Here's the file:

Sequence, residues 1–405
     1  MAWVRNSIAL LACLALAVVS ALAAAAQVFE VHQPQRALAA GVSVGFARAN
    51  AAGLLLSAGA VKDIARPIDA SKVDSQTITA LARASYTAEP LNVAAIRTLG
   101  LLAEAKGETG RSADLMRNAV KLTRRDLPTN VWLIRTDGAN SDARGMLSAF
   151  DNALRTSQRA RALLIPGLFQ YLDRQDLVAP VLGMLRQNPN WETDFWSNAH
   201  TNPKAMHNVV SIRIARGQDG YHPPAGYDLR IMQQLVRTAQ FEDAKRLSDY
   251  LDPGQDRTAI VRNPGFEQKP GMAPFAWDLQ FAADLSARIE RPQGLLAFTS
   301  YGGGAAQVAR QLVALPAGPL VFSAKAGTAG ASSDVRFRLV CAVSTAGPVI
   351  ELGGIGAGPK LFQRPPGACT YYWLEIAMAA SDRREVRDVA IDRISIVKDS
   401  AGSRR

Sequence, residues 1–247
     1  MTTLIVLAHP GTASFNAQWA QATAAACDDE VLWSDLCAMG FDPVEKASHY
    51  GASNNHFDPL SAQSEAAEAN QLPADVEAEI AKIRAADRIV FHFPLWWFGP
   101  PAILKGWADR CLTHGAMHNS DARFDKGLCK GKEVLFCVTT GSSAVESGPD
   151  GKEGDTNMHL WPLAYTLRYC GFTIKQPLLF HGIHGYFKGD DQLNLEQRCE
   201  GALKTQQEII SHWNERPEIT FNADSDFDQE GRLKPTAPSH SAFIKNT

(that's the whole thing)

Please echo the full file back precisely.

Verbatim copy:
Sequence, residues 1–405
     1  MAWVRNSIAL LACLALAVVS ALAAAAQVFE VHQPQRALAA GVSVGFARAN
    51  AAGLLLSAGA VKDIARPIDA SKVDSQTITA LARASYTAEP LNVAAIRTLG
   101  LLAEAKGETG RSADLMRNAV KLTRRDLPTN VWLIRTDGAN SDARGMLSAF
   151  DNALRTSQRA RALLIPGLFQ YLDRQDLVAP VLGMLRQNPN WETDFWSNAH
   201  TNPKAMHNVV SIRIARGQDG YHPPAGYDLR IMQQLVRTAQ FEDAKRLSDY
   251  LDPGQDRTAI VRNPGFEQKP GMAPFAWDLQ FAADLSARIE RPQGLLAFTS
   301  YGGGAAQVAR QLVALPAGPL VFSAKAGTAG ASSDVRFRLV CAVSTAGPVI
   351  ELGGIGAGPK LFQRPPGACT YYWLEIAMAA SDRREVRDVA IDRISIVKDS
   401  AGSRR

Sequence, residues 1–247
     1  MTTLIVLAHP GTASFNAQWA QATAAACDDE VLWSDLCAMG FDPVEKASHY
    51  GASNNHFDPL SAQSEAAEAN QLPADVEAEI AKIRAADRIV FHFPLWWFGP
   101  PAILKGWADR CLTHGAMHNS DARFDKGLCK GKEVLFCVTT GSSAVESGPD
   151  GKEGDTNMHL WPLAYTLRYC GFTIKQPLLF HGIHGYFKGD DQLNLEQRCE
   201  GALKTQQEII SHWNERPEIT FNADSDFDQE GRLKPTAPSH SAFIKNT